For Ken Ramsey, Thank You Marylou is part horse — part message
by Nick Hahn
In racing, we send our horses off and root for them to come home first.
For Ken and Sarah Ramsey, one filly of theirs may deliver them home in a journey more freighted with meaning than just a race.
Thank You Marylou, up close and personal. Photo by Nick Hahn.
That’s because their juvenile filly Thank You Marylou, is more than a horse. She’s a message.
The Ramseys’ relationship with the horse’s namesake, prominent horsewoman and socialite Marylou Whitney and her husband, John Hendrickson, began, unsurprisingly, at Saratoga. After the Ramseys’ Roses in May won the Whitney Stakes at Saratoga in 2004, the Ramseys met Marylou Whitney in the winner’s circle and subsequently attended the traditional post-race party that the “Queen of Saratoga” hosted.
Acquaintances become friends a year later. Following a Gulfstream stakes victory, an ebullient Ramsey was surprised to see Hendrickson and Whitney, one of whose horses Ramsey’s had just defeated, waiting outside the winner’s circle to offer congratulations.
It made Ramsey question himself on whether he could act the same after a loss. “Would I have shown the same sportsmanship?” wondered Ramsey. “They had nothing to gain. They’re just nice people.”
How nice soon became clear.
In February 2007, Sarah Ramsey suffered a stroke while in Florida — almost exactly a year after Whitney had suffered one. Ramsey, who knew little about strokes, turned to Whitney’s husband John Hendrickson for advice.
Hendrickson and Whitney, who had met each other during her trip to Alaska as part of a quest to win the Iditarod, did more than provide advice; they flew Whitney’s doctor from California to Florida to see Sarah.
“They [Whitney and Hendrickson] very well may have saved my wife’s life,” said Ramsey in all seriousness. “Sarah was in a coma with her mouth and eyes open. Doctors gave her about a 40% of surviving.”
They very well may have saved my wife’s life,” said Ramsey
Of course, she did survive and later was relocated to Cardinal Hill Rehabilitation Hospital in Lexington, as Marylou had been when recovering from her ordeal. Whitney, in town for the dedication of the hospital’s Stroke Recovery Center in her and Hendrickson’s names, stopped in to visit Sarah.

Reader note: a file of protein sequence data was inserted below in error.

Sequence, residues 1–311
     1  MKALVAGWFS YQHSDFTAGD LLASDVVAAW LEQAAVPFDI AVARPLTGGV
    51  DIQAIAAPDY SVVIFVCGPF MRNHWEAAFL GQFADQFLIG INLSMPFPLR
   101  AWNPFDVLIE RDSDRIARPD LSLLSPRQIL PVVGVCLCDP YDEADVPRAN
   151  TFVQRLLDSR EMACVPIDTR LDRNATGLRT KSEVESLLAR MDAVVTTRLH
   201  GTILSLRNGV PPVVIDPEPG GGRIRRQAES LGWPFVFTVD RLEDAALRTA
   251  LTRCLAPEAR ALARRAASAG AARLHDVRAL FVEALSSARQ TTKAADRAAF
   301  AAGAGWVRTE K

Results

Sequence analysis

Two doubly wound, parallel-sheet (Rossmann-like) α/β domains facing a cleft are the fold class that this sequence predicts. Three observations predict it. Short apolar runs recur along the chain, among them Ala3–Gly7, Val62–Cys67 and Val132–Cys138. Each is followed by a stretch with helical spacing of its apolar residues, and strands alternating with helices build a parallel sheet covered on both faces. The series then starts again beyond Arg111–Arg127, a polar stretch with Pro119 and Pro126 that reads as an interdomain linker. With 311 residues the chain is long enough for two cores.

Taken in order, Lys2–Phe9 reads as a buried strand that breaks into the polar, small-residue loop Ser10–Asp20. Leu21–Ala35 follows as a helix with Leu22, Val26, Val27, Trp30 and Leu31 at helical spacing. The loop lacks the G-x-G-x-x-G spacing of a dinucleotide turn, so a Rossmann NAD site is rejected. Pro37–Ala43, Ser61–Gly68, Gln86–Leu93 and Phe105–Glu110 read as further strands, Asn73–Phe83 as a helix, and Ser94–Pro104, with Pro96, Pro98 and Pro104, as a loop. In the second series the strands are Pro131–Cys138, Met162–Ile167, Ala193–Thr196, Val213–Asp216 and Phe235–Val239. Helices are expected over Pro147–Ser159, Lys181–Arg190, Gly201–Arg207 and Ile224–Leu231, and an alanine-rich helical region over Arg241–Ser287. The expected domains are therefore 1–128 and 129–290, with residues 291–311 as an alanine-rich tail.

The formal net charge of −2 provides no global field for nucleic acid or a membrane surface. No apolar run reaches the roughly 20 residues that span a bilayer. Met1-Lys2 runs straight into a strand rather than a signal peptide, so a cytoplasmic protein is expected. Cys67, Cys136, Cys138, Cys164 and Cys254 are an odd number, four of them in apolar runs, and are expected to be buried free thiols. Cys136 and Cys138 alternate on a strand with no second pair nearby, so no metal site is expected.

“She didn’t have to visit, but she did,” Ramsey said.
This past May, on Kentucky Derby weekend at Churchill Downs, Ken and Marylou met up in the Director’s Room after Ramsey’s Stephanie’s Kitten won the Distaff Turf Mile.
Ramsey had something to tell his friend, and he told her the best way he knew how: through horses. He’d named a talented filly by Birdstone — the Whitney-owned horse best known for thwarting Smarty Jones’s 2004 Triple Crown dreams — “Thank You Marylou”.
“You don’t name a bad horse after a celebrity like Ms. Whitney,” instructed Ramsey, who had been waiting on the clearance of trainer Michael Maker before finalizing the name choice.
As the summer warmed up, Ramsey concluded that running the Virginia-bred Thank You Marylou, who is out of the Menifee mare Menifeeque and was bred by Charlottesville residents Mr. and Mrs. C.W. McNeely, III, in the $75,000 Tippett Stakes at Colonial would be a good prelude for Saratoga. He figured that she would have to be good enough to win at Colonial Downs if she hoped to win at the Spa.
The Tippett would be part a busy day for Ramsey, with a long list of Kitten’s Joy interests at Colonial Downs and across the country in addition to Thank You Marylou’s debut.
In the Tippett Stakes, jockey Alan Garcia slalomed past the field at the top of the stretch and delivered Thank You Marylou home by nearly four lengths. While Ramsey exulted at Colonial, Whitney and Hendrickson watched the race on TV.
Ken Ramsey, center, and his grandson Nolan go over race strategy with riders Joel Rosario and Shaun Bridgmohan before the Virginia Derby. Photo by Nick Hahn.
“Bigger thrill out of that than winning a Grade I,” Hendrickson told Ramsey of Whitney’s response to the Tippett triumph.
Whitney has also expressed interest in a Kitten’s Joy season for one of her best mares. Ramsey, insistent on waiving the stud fee, hopes to name the foal “Free Kitten.”
A two-year old filly may not be Ramsey’s only possession named after the 2004 Belmont Stakes winner. A standing frame that Whitney had used during her recovery from stroke is now being used by Sarah Ramsey. Whitney had named the frame the “Birdcage.”
Six years on, Sarah Ramsey’s rehabilitation continues, and Ken Ramsey hopes that she might make the trip to Saratoga this summer.
In the meantime, Ramsey intends to keep Garcia aboard Thank You Marylou for her next start in the Adirondack Stakes August 8th at Saratoga. Though Garcia is not one of Ramsey’s primary riders, Ramsey was impressed by Garcia’s Colonial performance as both friend and foe. A little more than an hour after getting the money aboard Ramsey’s filly, Garcia delivered once again — but this time aboard War Dancer, who just held off Ramsey’s Charming Kitten.
“Winning at 6 1/2 furlongs won’t be easy,” acknowledged Ramsey about the Adirondack.
But if his Birdstone filly can find a way to win, she’ll deliver Ramsey home in an emotional way. Marylou Whitney will present the trophy to the Adirondack winner, and Ken Ramsey would like nothing more than to say “Thank you, Marylou,“ once again.
He needn’t sweat it. Safe to say it’s already been said.